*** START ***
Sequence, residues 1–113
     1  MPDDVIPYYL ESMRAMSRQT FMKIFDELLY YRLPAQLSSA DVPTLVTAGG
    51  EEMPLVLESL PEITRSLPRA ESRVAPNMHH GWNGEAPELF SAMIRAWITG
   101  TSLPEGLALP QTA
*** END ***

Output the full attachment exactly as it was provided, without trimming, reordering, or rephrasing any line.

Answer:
Sequence, residues 1–113
     1  MPDDVIPYYL ESMRAMSRQT FMKIFDELLY YRLPAQLSSA DVPTLVTAGG
    51  EEMPLVLESL PEITRSLPRA ESRVAPNMHH GWNGEAPELF SAMIRAWITG
   101  TSLPEGLALP QTA